The HUD is automatically made SOI and the HMC pipper can be moved within the HUD field of view.
A first TMS up will ground stabilize the pipper which can then be moved into position. The coordinates
in the MARK UFC page will remain blank as the markpoint is not saved yet.
TMS down at this point will cancel ground stabilisation and return the HMC to pre-designate position.

A further press of TMS up will store the markpoint in the steerpoint bank. A small cross will be
displayed on the HSD at the location of the markpoint. Depressing the M-SEL 0 button on the ICP with
the newly made markpoint still showing on the DED will select it as the active steerpoint (SPI).

BMS 4.33 Dash 1


Red Dog & Darkman 2012-2015

Page: 109

T.O. BMS1F-16CM-1

BMS 4.33 Change 1.05

1.6 THE ENGINE


The F-16 engine in BMS is a hybrid due to limitations in the documentation available to the BMS
coders. The avionics systems have been coded according to the block 50 F-16 using the GE129
engine and the flight model has been coded for the PW229.
The BMS F-16 is powered by a single afterburning turbofan engine. The engine control system is
composed of two major components: the Fuel Control (see Fuel chapter), and the Digital Electronic
Engine Control (DEEC). The engine has two modes of operation: Primary (PRI) and Secondary (SEC).

1.6.1. Primary (PRI) and Secondary (SEC) engine control


PRI mode is the nominal mode of operation where the engine receives fuel as a function of throttle
inputs and the DEEC controls ignition, engine operation, AB operation and nozzle actuation.
SEC mode prevents AB operation and is used in the event of a DEEC failure or malfunction. SEC is
manually selected by the ENG CONT switch on the ENG & JET START panel or automatically by the
DEEC during SEC operation the SEC caution light illuminates and the nozzle remains closed.

1.6.2. Exhaust nozzle


The exhaust nozzle is variable and controlled by the DEEC as a function of throttle input.
In PRI with the LG handle down, the nozzle is greater than 80% open at IDLE. As the throttle is
advanced the nozzle closes. With the LG handle up the nozzle is near minimum except near MIL
power when the nozzle controls engine pressure according to fan speed.
When the throttle is advanced in the AB range the nozzle is opened to compensate for increasing AB
fuel flow.
In SEC the nozzle is closed to 0% and AB operation is inhibited.

1.6.3. Engine Oil system


Lubrication of the engine is done with a self-contained oil system not implemented in BMS.

1.6.4. Engine Anti-Ice system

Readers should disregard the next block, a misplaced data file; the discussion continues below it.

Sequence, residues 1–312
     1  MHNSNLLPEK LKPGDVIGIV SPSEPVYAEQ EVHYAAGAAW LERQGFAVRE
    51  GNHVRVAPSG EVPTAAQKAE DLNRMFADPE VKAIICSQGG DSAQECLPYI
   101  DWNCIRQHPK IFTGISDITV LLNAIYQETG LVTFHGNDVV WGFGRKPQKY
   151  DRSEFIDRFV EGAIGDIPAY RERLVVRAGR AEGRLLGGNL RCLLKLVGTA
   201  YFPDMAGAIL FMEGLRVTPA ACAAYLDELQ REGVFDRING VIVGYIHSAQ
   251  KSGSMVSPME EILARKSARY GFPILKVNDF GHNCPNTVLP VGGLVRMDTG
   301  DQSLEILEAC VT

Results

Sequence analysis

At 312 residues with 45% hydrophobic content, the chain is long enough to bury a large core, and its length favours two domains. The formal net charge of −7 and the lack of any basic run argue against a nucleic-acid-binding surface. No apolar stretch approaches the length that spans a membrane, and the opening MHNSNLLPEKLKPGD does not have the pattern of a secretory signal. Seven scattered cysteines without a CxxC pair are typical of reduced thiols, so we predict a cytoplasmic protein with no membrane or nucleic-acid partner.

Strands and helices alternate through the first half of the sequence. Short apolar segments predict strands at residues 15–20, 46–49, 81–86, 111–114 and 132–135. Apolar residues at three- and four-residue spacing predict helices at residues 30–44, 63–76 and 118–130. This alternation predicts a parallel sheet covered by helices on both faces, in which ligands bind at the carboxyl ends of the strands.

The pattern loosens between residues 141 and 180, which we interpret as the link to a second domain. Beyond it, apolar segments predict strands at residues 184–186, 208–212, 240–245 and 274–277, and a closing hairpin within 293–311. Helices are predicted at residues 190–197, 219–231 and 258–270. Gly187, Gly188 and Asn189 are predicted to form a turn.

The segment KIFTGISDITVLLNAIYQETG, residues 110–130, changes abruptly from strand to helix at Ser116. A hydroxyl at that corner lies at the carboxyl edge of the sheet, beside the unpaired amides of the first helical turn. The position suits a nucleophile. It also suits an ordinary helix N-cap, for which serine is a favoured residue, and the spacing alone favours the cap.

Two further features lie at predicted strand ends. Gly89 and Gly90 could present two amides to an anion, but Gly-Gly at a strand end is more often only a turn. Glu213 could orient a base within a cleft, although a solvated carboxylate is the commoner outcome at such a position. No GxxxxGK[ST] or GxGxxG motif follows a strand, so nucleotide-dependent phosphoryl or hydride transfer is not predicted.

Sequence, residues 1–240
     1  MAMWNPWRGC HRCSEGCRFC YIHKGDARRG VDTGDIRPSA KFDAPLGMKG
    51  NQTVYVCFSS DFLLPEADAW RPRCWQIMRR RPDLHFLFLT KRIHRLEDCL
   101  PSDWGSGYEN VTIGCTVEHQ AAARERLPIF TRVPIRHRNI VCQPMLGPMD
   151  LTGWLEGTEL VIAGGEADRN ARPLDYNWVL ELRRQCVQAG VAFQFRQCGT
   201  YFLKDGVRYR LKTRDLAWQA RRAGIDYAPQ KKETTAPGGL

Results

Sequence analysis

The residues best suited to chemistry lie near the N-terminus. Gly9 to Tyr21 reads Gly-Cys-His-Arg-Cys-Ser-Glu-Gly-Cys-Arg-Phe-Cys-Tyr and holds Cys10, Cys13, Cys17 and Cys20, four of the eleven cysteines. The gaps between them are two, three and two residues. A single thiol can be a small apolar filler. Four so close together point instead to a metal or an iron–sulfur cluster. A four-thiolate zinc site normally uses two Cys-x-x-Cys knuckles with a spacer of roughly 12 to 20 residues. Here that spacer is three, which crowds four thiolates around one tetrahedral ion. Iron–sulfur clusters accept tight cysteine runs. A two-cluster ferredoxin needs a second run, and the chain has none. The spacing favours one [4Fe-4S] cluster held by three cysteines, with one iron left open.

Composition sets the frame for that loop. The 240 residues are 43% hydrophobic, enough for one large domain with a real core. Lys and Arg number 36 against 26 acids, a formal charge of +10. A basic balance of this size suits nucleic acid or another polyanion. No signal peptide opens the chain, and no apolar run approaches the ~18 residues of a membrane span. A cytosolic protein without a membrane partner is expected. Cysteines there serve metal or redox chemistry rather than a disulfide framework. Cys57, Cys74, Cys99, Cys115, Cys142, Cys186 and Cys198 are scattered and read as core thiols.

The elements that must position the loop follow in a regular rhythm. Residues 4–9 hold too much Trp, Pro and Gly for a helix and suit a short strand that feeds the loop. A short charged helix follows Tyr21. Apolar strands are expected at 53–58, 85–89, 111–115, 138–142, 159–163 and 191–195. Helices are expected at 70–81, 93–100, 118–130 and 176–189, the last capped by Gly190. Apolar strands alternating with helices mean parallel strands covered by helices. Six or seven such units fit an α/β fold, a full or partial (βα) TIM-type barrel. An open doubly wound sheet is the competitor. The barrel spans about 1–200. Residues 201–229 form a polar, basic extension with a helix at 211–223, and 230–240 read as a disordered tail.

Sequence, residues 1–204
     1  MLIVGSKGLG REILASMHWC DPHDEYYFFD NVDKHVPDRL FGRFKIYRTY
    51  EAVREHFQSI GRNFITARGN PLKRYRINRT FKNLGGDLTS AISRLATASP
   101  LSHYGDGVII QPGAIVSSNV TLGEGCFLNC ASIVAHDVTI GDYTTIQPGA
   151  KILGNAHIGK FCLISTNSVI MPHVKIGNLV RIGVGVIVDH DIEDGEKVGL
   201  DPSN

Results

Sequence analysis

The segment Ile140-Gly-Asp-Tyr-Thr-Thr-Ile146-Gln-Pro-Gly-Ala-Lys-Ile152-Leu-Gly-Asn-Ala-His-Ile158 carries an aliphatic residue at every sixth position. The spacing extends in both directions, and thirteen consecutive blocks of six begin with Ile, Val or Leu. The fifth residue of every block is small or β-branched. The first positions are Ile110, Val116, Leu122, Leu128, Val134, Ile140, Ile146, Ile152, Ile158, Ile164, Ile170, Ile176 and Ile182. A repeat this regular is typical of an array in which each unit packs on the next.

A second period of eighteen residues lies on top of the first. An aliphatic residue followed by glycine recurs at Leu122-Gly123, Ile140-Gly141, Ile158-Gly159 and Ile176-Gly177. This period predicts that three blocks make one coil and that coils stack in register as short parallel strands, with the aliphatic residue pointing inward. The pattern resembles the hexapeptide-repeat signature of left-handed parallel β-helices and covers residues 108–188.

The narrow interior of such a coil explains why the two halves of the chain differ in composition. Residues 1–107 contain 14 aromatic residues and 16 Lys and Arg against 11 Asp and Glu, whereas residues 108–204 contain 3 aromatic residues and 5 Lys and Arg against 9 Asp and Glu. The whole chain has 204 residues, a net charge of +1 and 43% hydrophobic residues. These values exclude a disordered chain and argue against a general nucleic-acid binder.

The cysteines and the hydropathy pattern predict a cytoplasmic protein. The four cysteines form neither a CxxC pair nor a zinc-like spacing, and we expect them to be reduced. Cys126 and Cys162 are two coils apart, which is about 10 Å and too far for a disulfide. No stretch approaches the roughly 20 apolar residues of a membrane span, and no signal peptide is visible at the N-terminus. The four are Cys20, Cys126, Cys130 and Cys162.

No component of this system is currently implemented in BMS 4.33.
The Anti ice switch and the INLET ICING caution light are eye candy.

1.6.5. Jet Fuel Starter (JFS)


The JFS is a gas turbine which operates on aircraft fuel. The JFS receives fuel at all times regardless
of the FUEL MASTER switch position. The JFS is started from two accumulators used either singly
(START 1) or together (START 2). In BMS we only have the option to use them both at the same time
(START 2 option).
If you do not succeed in starting the engine after JFS discharge you will not be able to start your
engine for that mission.
In the future START 1 may be coded to allow a second attempt using the accumulators singly
Besides starting the engine on the ground without any external aid the JFS is used to assist in engine
air-start. In flight the accumulators are charged automatically by hydraulic system B in about 60
seconds.

1.6.6. Engine Warning & Caution lights


The ENGINE FAULT caution light indicates a PFL (Pilot Fault List) item listed. The caution light will go
off when the fault is acknowledged.
BMS 4.33 Dash 1
Red Dog & Darkman 2012-2015

Page: 110

T.O. BMS1F-16CM-1

BMS 4.33 Change 1.05

The SEC caution light illuminates when the engine is operating in SEC (Secondary) mode of
operation.
The EEC and BUC caution lights are deactivated (may come on during tests) but bear no real
significance.
The HYD/OIL PRESS warning light (right eyebrow) is used to monitor the engine oil and hydraulic
system pressure. For engine oil pressure the light comes on when the pressure has been below 10 psi
for 30 seconds (this delay minimizes false warnings due to manoeuvring). The light goes off when
pressure exceeds 2 psi.
For hydraulic pressure the light goes on when either A or B system decreases below 1000 psi.
At ramp start the light usually goes off before reaching idle RPM but it is within acceptable limits if the
light goes off before exceeding 70% RPM.
The ENGINE warning light illuminates when RPM and FTIT indicate an engine over temperature or a
flameout has occurred. It could also light in the case of RPM and/or FTIT indicator failure. The warning
light illuminates when the RPM decreases below 55% or approximately 2 seconds after FTIT exceeds
1100C.

1.6.7. Engine instruments


The RPM indicator expresses RPM in percent and is powered by the battery bus.
The NOZ POS indicator gives the position of the exhaust nozzle in percent (0%=closed 100%=open).
This indicator is powered by the emergency bus.
The FTIT indicator displays average FTIT temperature in degree Celsius from 200 to 1200C. It is
powered by the battery bus.
The fuel flow indicator displays the total fuel flow to the engine, including AB. This indicator has a
range of 0 to 80000 pph. It is powered by the emergency buses.
The OIL pressure indicator displays oil pressure from 0 to 100 psi and is also powered by the
emergency buses.

1.6.8. Throttle
The engine is controlled by the throttle with detents at OFF, IDLE, MIL and AB.
The OFF (cutoff) position terminates engine ignition and fuel flow.